Tower of London map – also comes with ships



3rd January 2016
old drawing of tower of london, dull colours
The Tower of London is always a place that appeals to lovers of English history. I like to compare old maps of the place, to see just how it has altered over the centuries. Here is one from Georgian times, 1725. Medium: pen and ink on paper.
georgian-era map, ariel view, of Tower of London on old paper
18th century map of the Tower of London.

Decorative detail

Why am I making such a fuss of it in this post? Not because of the Tower itself, but because of the decorative detail beneath - all the ships and boats on the river Thames to the south. Here are some close-ups of these magnificent little drawings. The ships themselves are beautifully rendered in pen, little snapshots of life on the water. They also show us how the ships were rigged, and how people got to them by smaller vessels and so on. It also reminds us of just how busy the Thames was downriver from London Bridge, the docklands of old London.
detail of map shows boat towing ship - drawing
Towing - that looks like very hard work. Click to enlarge.
detail of ships on map, drawing
Ship ahoy, m'Hearties!

Tower of London and the Docks



The ships themselves are beautifully rendered in pen, little snapshots of life on the water. They also show us how the ships were rigged, and how people got to them by smaller vessels and so on. It also reminds us of just how busy the Thames was downriver from London Bridge, the docklands of old London.
numerous tall masted ships on river, drawing
Forget about the Tower - I want to go join the navy!
There was, of course, no need, no practical reason to do all these little drawings to accompany a map of the Tower of London. But that’s just the way folks were in those days: there was no problem combining the decorative with the practical.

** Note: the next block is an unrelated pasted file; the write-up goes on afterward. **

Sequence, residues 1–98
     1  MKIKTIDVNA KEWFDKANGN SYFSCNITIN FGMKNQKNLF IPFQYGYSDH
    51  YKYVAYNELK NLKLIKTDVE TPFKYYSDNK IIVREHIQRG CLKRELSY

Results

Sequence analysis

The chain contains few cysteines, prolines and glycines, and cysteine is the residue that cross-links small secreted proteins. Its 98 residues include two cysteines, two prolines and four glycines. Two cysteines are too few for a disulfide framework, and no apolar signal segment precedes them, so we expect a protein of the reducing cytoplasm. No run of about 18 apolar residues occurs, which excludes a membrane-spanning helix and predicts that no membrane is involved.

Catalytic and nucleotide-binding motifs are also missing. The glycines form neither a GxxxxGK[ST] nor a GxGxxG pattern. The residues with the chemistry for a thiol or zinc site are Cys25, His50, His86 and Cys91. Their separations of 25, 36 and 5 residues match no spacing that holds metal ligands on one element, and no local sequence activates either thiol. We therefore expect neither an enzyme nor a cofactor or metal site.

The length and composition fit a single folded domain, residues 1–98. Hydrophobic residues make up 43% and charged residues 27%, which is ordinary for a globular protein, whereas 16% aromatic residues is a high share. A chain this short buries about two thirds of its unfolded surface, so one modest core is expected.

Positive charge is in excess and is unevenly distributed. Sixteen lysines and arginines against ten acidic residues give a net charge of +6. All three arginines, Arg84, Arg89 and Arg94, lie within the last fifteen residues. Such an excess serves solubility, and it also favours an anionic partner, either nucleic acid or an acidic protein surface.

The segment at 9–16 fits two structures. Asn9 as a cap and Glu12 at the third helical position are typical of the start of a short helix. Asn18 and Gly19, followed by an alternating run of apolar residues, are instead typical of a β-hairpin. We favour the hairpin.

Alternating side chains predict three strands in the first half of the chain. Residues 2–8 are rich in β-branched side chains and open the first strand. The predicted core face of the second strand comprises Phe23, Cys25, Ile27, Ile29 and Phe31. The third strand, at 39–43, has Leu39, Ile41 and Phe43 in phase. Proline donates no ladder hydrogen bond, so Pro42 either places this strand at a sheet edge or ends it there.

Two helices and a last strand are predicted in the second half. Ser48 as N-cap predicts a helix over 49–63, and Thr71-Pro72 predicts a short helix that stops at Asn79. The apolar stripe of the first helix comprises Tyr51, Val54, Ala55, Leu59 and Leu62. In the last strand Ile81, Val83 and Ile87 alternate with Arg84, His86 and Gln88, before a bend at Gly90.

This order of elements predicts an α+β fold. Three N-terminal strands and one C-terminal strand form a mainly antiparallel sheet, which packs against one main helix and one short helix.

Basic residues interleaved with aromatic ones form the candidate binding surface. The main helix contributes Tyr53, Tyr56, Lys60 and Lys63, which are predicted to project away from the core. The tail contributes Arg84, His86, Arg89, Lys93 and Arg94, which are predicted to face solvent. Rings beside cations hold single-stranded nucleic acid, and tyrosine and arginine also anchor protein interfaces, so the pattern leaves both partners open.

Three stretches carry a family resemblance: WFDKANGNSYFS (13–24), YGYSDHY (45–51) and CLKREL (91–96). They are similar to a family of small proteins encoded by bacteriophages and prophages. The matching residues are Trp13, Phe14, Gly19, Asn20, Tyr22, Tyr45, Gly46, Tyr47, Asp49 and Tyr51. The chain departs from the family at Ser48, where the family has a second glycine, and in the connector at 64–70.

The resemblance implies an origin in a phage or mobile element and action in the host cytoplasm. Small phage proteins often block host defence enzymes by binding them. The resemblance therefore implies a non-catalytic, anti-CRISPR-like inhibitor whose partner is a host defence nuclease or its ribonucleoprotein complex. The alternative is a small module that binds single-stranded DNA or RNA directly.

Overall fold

Self-indulgent maps



Maps, almost right up to the 20th Century, were often delightfully self-indulgent in terms of there incidental doodles and drawings, but in our own times this has become less and less of a feature of modern cartography. Maps are becoming digital now, sat-nav or google style. No room for decorative features there.

The only relic from the glorious past of map drawing in our own times is probably the Ordnance Survey maps, which with their artistic covers and sympathetic colours inside, developed through the 20th Century to be a perfect blend of technology and art. Just look at this legend from a 1935 Ordnance Survey map!
the legend from an old Ordnance Survey map
Just look at all those railway lines. All those trees and gravel pits!

Maps that were a delight



Useful but also gorgeous and very evocative of the times, too, in which they were produced. Because of the changing fashions of design, the covers from the early part of the 20th Century are often a delight in themselves.
cover to Ordnance Survey map shows man in rucksack with pipe
Ah, out in the good fresh air with a pipe of tobacco! It's almost enough to make you take up smoking.
Who wouldn't want to pull on the walking boots and head out after getting hold of a map like that! Just to be out in the fresh air with your automobile and pipe.

Perhaps those seeing the plan of the Tower of London way back in Georgian times would have felt equally inspired to join ship and sail the world? Or at the very least perhaps go and get a job in the docks. Maps, when suitably decorative, motivate and inspire. They excite the imaginatioin and take us to places we cannot go to in reality - to places long ago or far away. And I think that is part of the fascination we have for them.
Wishing you all a Happy and Peaceful New Year!
Authored by Robert Stephen Parry

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